It seems to me that the way the caster creates slack is both the leader design plus that he casts so that the leader hits the water BEFORE the leader loop unfurls. It is hard to see on this video but I wonder if this delivers slack at the point where the loop hits the water. If this is true, the caster can determining when and how the loop hits the water, he controls the amount of slack at the point of delivery. This is all supposition on my part because I am trying to think of ways that a drag free float can occur with such a straight line cast.

    If Dr D knows how this system works, please post.

    Here is another video in which there are slack line casts.



    There are more videos on the website. Use Google Translate.

    Videos | S.I.M. Suisse
    Regards,

    Silver



    "Discovery consists of seeing what everybody has seen and thinking what nobody has thought"..........Szent-Gyorgy

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  11. #57

    Default Re: Improving Dry Fly Presentation

    Not something I know much about, ive never met up with anyone proficient in the style... but there are a range of different presentation casts...
    Some more here-

  12. #58

    Default Re: Improving Dry Fly Presentation

    hi,


    they are indeed a little bit mysteriously - may be part of tradition and business idea...

    o.k. there we are>>>

    magliocco has one remarcable cast i use:the slowed down angular cast-it serves to circumvent faster currents

    and stack the long leader in the slower water.its really important to aim exactly and tightening the loop - then releasing the line when

    loop is formed>>>result is a stacked leader in the slack water - when youre fit in micromending you can hold a dryfly

    nearby whitewater for a little eternity>>> and then the big ones will often come.

    i takes a longer time to get used to it - honestly its difficult but wonderful to see when it works.


    have great fun.


    thomas

  13. #59

    Default Re: Improving Dry Fly Presentation

    Hi Guys, I did manage a couple good fish on caddis last time out on a very challenging day, posted a report and pics in the driftless section where I normally do.

    It was partially the line and partiality my casting and presentation.

    Certainly this thread has helped, can't wait for warmer weather and epic hatches soon.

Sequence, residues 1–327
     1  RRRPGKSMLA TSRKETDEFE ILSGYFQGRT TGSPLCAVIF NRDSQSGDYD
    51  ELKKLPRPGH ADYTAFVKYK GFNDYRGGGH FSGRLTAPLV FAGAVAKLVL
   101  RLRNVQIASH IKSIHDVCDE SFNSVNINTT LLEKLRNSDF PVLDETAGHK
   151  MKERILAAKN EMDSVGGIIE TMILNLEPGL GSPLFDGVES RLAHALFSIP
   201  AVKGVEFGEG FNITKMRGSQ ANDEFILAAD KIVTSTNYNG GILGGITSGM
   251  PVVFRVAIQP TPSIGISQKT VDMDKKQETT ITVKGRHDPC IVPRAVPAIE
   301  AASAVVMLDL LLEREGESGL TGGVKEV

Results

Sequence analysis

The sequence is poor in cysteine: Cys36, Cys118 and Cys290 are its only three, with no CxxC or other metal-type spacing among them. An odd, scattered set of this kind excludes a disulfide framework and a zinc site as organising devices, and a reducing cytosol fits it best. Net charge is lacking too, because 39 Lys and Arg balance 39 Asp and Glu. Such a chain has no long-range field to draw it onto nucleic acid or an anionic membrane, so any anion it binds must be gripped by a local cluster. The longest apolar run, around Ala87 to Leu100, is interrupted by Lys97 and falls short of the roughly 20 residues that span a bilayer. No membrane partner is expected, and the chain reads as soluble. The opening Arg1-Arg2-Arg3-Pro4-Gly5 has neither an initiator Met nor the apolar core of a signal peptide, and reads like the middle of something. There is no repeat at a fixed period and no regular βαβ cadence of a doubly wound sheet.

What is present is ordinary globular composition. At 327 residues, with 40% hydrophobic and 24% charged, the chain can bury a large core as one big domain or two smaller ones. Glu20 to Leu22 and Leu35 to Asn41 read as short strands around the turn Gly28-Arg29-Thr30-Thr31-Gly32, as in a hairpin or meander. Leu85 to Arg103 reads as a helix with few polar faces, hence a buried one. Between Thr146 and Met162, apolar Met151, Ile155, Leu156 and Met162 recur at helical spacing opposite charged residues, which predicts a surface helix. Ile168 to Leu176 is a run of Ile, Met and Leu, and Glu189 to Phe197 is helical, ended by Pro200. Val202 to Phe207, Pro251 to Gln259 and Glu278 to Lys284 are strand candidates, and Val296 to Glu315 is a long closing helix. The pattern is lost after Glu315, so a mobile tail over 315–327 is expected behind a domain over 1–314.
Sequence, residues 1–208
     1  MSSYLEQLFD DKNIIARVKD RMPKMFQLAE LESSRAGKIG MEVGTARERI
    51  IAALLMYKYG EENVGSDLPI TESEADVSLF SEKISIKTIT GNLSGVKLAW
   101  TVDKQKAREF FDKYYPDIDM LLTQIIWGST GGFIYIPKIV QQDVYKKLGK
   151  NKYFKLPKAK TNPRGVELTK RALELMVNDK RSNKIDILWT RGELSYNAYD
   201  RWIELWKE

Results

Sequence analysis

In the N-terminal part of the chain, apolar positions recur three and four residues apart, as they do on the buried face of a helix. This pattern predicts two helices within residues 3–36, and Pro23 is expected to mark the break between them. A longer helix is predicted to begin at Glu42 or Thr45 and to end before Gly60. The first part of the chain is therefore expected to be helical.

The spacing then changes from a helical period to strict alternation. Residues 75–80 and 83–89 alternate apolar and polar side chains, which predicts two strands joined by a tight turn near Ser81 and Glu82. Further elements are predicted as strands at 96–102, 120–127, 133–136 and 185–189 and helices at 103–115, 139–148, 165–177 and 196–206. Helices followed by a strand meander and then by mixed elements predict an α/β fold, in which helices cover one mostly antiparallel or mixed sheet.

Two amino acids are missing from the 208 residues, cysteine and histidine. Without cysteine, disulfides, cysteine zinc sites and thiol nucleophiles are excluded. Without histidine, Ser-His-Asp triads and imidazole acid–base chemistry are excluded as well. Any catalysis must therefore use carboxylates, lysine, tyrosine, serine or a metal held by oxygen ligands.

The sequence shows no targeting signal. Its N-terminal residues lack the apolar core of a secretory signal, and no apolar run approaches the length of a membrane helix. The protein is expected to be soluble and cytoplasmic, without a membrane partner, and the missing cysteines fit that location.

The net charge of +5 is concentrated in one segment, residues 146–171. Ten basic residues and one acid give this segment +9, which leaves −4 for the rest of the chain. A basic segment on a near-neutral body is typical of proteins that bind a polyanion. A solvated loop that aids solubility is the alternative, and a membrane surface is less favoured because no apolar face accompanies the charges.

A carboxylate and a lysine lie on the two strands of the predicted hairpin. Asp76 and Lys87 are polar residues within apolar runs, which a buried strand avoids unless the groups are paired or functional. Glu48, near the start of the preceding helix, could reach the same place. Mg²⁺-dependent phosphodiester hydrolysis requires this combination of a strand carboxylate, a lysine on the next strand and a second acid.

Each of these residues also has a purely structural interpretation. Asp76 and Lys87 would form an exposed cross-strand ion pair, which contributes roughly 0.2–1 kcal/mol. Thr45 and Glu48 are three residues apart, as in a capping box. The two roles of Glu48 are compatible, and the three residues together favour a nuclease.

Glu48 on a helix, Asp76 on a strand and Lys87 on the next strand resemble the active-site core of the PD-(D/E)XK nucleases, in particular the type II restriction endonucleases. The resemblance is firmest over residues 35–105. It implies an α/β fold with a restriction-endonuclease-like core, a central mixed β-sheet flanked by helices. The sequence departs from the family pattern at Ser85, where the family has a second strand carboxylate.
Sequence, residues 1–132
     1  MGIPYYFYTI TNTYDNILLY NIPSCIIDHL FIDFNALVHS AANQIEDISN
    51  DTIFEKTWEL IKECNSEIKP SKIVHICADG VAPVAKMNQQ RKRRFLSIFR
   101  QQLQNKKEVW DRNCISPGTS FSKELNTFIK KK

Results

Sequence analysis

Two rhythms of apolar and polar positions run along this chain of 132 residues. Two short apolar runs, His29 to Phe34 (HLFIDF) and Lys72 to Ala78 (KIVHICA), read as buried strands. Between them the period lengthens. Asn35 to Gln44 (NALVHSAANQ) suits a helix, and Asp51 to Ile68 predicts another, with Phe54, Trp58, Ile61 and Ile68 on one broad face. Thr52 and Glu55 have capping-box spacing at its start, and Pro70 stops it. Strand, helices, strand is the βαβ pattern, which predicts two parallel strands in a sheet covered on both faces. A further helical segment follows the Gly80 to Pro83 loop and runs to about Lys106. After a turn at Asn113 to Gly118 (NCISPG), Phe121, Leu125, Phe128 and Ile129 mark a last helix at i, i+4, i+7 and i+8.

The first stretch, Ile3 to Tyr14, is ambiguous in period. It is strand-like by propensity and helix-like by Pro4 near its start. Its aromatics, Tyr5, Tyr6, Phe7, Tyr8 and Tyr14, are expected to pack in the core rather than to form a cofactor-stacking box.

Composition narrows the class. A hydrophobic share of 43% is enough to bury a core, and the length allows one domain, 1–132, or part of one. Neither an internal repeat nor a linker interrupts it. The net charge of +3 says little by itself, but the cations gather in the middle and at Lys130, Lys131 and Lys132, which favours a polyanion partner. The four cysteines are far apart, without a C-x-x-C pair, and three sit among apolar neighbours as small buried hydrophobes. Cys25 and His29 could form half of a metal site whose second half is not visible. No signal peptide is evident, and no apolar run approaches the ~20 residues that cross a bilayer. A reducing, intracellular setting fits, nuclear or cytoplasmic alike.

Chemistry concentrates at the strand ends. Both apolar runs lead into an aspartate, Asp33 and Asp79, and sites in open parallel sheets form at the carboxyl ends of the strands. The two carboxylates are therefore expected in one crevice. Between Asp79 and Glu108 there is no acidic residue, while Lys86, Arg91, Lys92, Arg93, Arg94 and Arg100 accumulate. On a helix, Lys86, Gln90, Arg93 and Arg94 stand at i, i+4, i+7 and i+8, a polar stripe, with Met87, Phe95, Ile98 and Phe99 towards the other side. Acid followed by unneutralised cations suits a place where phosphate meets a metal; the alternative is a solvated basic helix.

Very interesting casts on that Italian video, some cool stuff, I don't understand how that straight parallel cast works, it looks like a bullet down to impact, then he hooks up on a fish. lol
    Last edited by unknownflyman; 04-13-2019 at 11:03 PM.

  14. #60
    Join Date
    May 2009
    Location
    Truckee, CA.
    Posts
    2,458
    Blog Entries
    2

    Default Re: Improving Dry Fly Presentation

    Quote Originally Posted by unknownflyman View Post
    Interesting conversation starting, I present side to down usually many times I catch the most finicky feeders with a upriver curve cast, sometimes because of the woods there isnt a great angle.

    Some friends Ive fished with have the no splash drag free thing going down on every cast, Im not so fortunate yet. LoL but part of that I feel is the WF line.

    Nothing more maddening than finding a good brown feeding and screwing up that one shot.
    THAT is why I like hunting Browns.....near perfection is needed.
    It forces a fisher to execute on their first try......which is a challenge for any of us.
    I have been playing with a new concept for a few years now.
    Steal the snap part of the snap T, and use it as a sideways roll cast for your dry fly.
    Snap and end with your rod tip high. This will give a soft presentation with less rod movement.
    Snapping for a down stream anchor, or an up stream snap will give you a different anchor.
    Slow water in front of you and fast water where your fly is landing, or fast water near you and slow "over there".
    I have been teaching this to beginners for several years, and it works.
    Those with a drift issue, or splashy cast issues can benefit greatly.............
    I don't want to say I invented a cast after all the casters in the past and present.......but I haven't seen or heard of this approach with a dry fly. Anyway, it works for those spots where the overhand cast will be an issue.
    Unknown, I wish you were closer to my water......I'd give you a perfect drift in short order.

    Jim
    The bar isn't set by the fish we catch, but by the one's we don't.

    Bigfly